By DANIELLE SANZONE
COLONIE — You might be familiar with Railroad Avenue as the road you used to take to the bygone discount movie theatre that was within a stone’s throw of the Northway, where Lowe’s and BJ’s now stand.
It’s also one of the roads you can take to the Northway Shopping Center off of Central Avenue. And it’s an industrial avenue lined with warehouses, a gym, a Coca Cola distribution warehouse, and a furniture showroom/warehouse.
But, long before all of this, Railroad Avenue was – shockingly- home to a railroad.
The railroad line in this corridor, which straddles the town of Colonie and the town of Guilderland, was a New York Central Railroad project, said Colonie historian Kevin Franklin.
The first portion of the Railroad Avenue development was likely in 1939, according to town assessor documents. Town maps of the area show portions of the original location of the line of the Mohawk & Hudson River Railroad, the first railroad established between Albany to Schenectady.
“The railroad line is where the famous engine the ‘Dewitt Clinton’ chugged its way along the tracks at an astounding 12 miles per hour,” observed Franklin.
The “Dewitt Clinton” was the first steam locomotive to operate in the state of New York and the fourth built for service in the U.S.
Franklin noted that there would have been steam engines in the 1930s that would evolve into diesel-electric engines into the 1940s and 1950s.
Corridor for tech?
There must be something in the water because, generations later, the area around Railroad Avenue is once again at the top of the game for technology of the day. The corridor is practically in the shadow of the State University of New York at Albany and the SUNY Polytechnic Institute’s College of Nanoscale Science and Engineering (SUNY Poly).
It’s partially because of the proximity to these institutions and the Harriman State Office Campus that a transportation and revitalization plan was put together about a decade ago for the Railroad Avenue area which is mostly zoned for industrial and commercial type uses. The plan also leverages the location with nearby I-87, I-90, and Route 5.
The revitalization plan was put together in collaboration with the town of Guilderland, the county of Albany, the Capital District Transportation Committee, and the town of Colonie for the approximately two miles long avenue which, generally, follows an east-west route.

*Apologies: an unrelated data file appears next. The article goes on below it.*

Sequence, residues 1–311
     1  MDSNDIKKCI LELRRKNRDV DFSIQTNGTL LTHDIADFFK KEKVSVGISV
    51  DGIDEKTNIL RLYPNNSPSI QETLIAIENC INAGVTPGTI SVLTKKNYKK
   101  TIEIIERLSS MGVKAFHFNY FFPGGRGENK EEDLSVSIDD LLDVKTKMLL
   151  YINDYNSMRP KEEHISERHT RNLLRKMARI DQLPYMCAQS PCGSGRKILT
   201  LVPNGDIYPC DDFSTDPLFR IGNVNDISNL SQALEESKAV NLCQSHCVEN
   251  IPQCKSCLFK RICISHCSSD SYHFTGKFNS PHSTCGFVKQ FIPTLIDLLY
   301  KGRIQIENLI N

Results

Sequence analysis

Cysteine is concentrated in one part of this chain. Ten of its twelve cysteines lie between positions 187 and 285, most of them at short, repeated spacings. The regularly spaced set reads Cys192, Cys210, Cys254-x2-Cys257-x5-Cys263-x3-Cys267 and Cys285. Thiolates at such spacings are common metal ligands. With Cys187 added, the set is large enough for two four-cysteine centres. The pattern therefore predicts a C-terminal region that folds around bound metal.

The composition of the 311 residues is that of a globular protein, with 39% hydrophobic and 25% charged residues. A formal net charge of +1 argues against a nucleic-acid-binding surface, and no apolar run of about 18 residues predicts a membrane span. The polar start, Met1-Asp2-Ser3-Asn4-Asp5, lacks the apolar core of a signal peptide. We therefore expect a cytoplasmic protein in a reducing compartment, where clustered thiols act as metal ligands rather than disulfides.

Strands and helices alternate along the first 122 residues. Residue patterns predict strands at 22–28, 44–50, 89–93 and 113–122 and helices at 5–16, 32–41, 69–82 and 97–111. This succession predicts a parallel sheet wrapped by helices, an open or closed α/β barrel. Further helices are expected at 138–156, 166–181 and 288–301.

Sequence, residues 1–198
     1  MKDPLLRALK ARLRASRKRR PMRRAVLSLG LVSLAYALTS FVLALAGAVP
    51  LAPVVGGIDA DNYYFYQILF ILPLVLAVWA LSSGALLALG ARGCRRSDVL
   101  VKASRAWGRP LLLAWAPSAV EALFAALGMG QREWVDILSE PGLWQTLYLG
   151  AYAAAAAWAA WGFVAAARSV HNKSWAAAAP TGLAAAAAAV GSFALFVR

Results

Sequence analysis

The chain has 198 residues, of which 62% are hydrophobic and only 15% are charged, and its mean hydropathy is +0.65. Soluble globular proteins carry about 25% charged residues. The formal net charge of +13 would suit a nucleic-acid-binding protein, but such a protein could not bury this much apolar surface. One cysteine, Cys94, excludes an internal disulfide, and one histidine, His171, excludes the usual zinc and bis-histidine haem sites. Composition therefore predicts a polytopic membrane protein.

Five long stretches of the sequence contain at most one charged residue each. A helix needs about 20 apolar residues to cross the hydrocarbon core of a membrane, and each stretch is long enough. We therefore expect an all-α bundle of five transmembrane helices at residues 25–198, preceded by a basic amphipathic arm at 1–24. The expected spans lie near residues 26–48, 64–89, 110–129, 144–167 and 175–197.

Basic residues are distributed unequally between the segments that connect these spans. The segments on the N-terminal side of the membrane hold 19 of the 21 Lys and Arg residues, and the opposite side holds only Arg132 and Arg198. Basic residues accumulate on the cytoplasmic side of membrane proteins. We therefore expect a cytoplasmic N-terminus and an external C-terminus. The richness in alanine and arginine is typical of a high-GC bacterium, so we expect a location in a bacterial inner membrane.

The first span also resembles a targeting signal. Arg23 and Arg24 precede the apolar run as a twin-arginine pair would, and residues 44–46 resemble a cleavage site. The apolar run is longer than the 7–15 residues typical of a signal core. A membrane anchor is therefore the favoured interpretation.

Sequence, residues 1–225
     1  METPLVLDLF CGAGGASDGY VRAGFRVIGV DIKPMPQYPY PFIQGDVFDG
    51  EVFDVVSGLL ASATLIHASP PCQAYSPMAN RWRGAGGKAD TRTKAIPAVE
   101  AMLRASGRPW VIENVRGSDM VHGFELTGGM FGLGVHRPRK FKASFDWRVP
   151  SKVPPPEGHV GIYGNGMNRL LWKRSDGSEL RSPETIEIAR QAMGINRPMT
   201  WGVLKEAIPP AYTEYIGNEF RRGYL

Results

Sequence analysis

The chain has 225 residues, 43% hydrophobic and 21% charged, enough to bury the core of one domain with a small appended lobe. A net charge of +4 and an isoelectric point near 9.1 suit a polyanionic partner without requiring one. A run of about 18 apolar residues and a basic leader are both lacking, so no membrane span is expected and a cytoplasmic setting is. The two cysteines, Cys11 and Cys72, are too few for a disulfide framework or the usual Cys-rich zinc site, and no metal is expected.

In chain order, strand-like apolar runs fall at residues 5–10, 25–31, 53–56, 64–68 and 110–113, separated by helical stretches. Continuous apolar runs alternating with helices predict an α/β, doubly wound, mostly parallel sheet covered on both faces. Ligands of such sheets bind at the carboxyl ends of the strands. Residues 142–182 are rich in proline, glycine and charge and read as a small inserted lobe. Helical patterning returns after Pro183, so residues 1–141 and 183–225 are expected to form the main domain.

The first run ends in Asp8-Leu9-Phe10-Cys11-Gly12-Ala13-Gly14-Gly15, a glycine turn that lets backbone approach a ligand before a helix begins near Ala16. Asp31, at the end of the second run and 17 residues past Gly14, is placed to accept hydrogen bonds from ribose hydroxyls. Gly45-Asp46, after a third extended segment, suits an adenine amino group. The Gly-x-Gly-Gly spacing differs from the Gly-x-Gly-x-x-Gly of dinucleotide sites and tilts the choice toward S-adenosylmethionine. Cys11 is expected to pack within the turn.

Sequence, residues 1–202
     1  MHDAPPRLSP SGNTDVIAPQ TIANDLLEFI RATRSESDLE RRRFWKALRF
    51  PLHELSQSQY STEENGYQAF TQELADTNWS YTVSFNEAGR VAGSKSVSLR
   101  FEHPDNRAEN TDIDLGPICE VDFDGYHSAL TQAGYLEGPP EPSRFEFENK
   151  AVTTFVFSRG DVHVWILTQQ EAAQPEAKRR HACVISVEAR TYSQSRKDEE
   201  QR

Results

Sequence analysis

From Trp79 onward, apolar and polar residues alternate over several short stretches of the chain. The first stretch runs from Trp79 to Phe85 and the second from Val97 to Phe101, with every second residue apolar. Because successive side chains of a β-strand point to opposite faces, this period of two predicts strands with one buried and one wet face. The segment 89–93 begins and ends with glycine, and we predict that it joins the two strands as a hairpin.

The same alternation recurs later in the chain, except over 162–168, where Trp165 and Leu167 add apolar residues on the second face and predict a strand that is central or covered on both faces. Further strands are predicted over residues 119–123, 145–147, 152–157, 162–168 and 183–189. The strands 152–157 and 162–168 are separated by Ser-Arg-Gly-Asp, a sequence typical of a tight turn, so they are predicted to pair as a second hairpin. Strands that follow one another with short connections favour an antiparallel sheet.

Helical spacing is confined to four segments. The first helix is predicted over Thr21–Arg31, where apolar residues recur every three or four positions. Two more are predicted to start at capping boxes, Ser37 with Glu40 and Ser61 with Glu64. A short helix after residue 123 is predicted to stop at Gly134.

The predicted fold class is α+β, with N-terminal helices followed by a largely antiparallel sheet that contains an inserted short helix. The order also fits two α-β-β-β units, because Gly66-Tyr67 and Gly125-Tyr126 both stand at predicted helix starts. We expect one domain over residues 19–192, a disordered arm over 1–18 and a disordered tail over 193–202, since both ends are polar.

Around the time of this plan, the Railroad Avenue area was identified as a focus area for the expanded Empire Zone program and, under the program, 10 businesses were certified and made about $8 million in capital investments. At one point, an action program included an item to explore the desirability and feasibility of locating a new rail station in the vicinity of the state campus on the west side of Albany.
A 2010 review determined that there were 625 eastbound and 600 westbound vehicles in the weekday evening peak hour on Railroad Avenue at the intersection with Fuller Road.
What’s old is new?
Railroads may or may not be completely in the past for this corridor.
There are still some abandoned rails in the median of the avenue with even more tracks not far from the road. And that ever-elusive High-Speed rail was at one point discussed to potentially go through this corridor as well.
The Railroad Avenue area revitalization plan, which lays out the long-range vision for the corridor for what could happen over the next 20 years, also talks about railroad track rehab and removals. Officials reached in the town of Colonie’s Planning and Economic Development department, along with the county of Albany, said the revitalization plan pre-dates the current leadership. There do not appear to be any current projects on Railroad Avenue from this plan.
But, no matter what happens with the development of the area, the Colonie town historian is now considering a historic marker indicating the original route of the Mohawk & Hudson Railroad in the area of present day Railroad Avenue. Franklin said there is more to research and discuss, but a sign is a possibility.